This is a partial transcript from "The O'Reilly Factor," May 16, 2005, that has been edited for clarity.
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BILL O'REILLY, HOST: "Factor" follow-up segment tonight, today marks the first anniversary of gay marriage in Massachusetts, a court decision that is still ultra controversial. More than 6,000 gay couples have made it legal in the Commonwealth. And joining us now from Boston is that state's Governor Mitt Romney.
So where does it go from here? Is the -- we always say that the legislature is going to introduce a bill that is going to rescind this judge's order or the court's order. Where is it going to go?
GOV. MITT ROMNEY (R), MASSACHUSETTS: Well, actually, the only way to reverse this court's order is for a constitutional amendment (search). And that has two parts.
One is the legislature acting without my involvement at all has to pass in two consecutive sessions an amendment. And then that goes to the people.
The second part is the people get to make a vote on that amendment. The legislature has already approved an amendment limiting marriage to a relationship between a man and a woman. It also calls for a civil union, but that amendment was passed once. It's now up again this year or the year after to be approved one more time by the legislature. If it's approved one more time, it goes to the people.
I think the people will favor limiting marriage to a relationship between a man and a woman. But what the legislature will do in a legislature which is 85 percent Democratic, that's anybody's guess. But at least they passed this amendment once. I'm hoping they'll do it again.
O'REILLY: How much did it pass by the first time?
ROMNEY: Well, by a pretty narrow margin. And one of the reasons for that is that there were people like myself, as well as a number of other legislators, that didn't like the provision on civil unions.
I would have preferred just to have an amendment that said, "Look, marriage is between a man and woman, and any rights for same-sex couples will be as decided by the legislature from time to time." But that amendment lost.
And the amendment that won provides not only for marriage being between a man and woman, but it says there will also be civil unions. It requires civil unions.
ROMNEY: And so there are some conservatives like myself who aren't wild about that, but think it's better than -- than same-sex marriage (search). There are other, of course, more liberals that want to get rid of it because they don't like the limitation on marriage. So kind of the notion at this point, it's a difficult thing to do. But I ultimately think it's going to go to the people. I sure hope so.
O'REILLY: I hope it does. That's the way it should be. And I hope it does.
Now, the Boston Globe (search), which is a big cheerleader for gay marriage, they do a poll, and I can't make heads or tails out of the poll. One of the questions was do you approve or disprove of gay and lesbian couples being allowed to get married? And 50 percent of the residents of the Commonwealth disproved, 37 percent approved.
Then they ask another question: Do you think gay marriage should be outlawed by law? And then should not be outlawed, 37 percent.
So it looks like the folks are still on your side, but I don't know. I mean, who knows?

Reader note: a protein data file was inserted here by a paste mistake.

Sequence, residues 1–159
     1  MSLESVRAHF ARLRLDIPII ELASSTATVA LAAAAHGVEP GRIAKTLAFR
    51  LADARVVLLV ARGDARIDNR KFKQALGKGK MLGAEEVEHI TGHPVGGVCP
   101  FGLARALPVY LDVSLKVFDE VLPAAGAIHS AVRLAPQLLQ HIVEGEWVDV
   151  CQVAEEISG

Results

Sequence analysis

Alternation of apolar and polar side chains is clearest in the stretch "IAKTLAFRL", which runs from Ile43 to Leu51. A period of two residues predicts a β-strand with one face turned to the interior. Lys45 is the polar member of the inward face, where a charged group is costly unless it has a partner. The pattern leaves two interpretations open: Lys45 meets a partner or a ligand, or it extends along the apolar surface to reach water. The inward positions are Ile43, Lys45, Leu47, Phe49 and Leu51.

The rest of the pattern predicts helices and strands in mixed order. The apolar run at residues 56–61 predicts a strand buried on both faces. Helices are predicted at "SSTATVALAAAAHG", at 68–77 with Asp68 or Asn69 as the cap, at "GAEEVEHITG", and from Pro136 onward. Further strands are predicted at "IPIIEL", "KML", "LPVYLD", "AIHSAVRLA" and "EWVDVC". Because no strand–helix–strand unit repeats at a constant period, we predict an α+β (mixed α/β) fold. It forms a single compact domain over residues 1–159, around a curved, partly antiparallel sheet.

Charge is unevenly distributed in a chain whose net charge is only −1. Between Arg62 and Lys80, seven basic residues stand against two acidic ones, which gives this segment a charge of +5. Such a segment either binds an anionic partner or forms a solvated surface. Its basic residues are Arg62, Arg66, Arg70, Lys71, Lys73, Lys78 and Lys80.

When somebody says, "Hey, Governor, you're violating my civil rights as a gay. I have the right -- the same rights as a heterosexual should have," what do you say? What's your answer to that?
ROMNEY: Well, this isn't a matter of adult rights. This is a matter of what we as a society want to do in preparing our next generation. And for a long time we've said that we prefer, as a society, a setting where there's a man and woman, a mother and a father to raise a child.
O'REILLY: Why? Why, why? Why do we prefer that, in your opinion?
ROMNEY: Well, because having a male and a female associated with the development of a child is going to help that child determine their own sexuality and help them in their course of life. And so we provide special benefits to a relationship between a man and woman.
O'REILLY: What if they say, "Well, that was the way it used to be with interracial marriage and that was, you know, a biased situation and so is this. And you, Governor Romney, have no right to limit me from what I want to do and deprive my rights." What do you say?
ROMNEY: Well, there's no question but that there was absolutely no good reason for banning marriage between people of different races. But there is a good reason to say that a child deserves to have a mother and a father. It's the way it's been for how many years? Since the beginning of time.
It's as commonsensical as one can imagine, because you have a child that's able to determine from each parent the attributes of that gender, and by virtue of doing so is able to determine their own sexuality and the relationship with members of the opposite sex.
O'REILLY: OK, so your argument is based on what's good for the children. Interesting.
Last question: you're a conservative governor in perhaps the most liberal state of the union. I've always loved Massachusetts (search). I lived there for many years. And it's just because the folks don't want the loons to get out of control on either side, right?
ROMNEY: Well, I think the reason that they elected a Republican governor, even a conservative one like me in a state like this, is that they don't want to have their money being unwisely spent. And while they may not agree with Republicans generally, they know that we care about their money.
O'REILLY: Fiscally, yes.
ROMNEY: And we're going to hold tax rates down. We're fiscally conservative.
O'REILLY: All right. Governor, thanks for taking the time. We appreciate it.
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